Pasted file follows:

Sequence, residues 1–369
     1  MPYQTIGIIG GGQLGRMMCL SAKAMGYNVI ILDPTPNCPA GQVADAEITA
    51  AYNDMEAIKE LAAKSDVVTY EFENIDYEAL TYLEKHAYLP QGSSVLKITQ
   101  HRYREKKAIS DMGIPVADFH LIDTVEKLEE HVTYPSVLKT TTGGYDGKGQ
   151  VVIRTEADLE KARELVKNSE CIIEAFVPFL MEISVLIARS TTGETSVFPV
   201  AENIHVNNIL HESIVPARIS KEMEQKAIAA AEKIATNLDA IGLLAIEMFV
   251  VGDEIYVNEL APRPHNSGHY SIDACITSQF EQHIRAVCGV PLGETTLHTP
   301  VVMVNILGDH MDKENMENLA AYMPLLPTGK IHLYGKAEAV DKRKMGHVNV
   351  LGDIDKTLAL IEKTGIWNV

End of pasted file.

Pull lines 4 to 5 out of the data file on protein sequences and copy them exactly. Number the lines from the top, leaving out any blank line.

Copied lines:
   101  HRYREKKAIS DMGIPVADFH LIDTVEKLEE HVTYPSVLKT TTGGYDGKGQ
   151  VVIRTEADLE KARELVKNSE CIIEAFVPFL MEISVLIARS TTGETSVFPV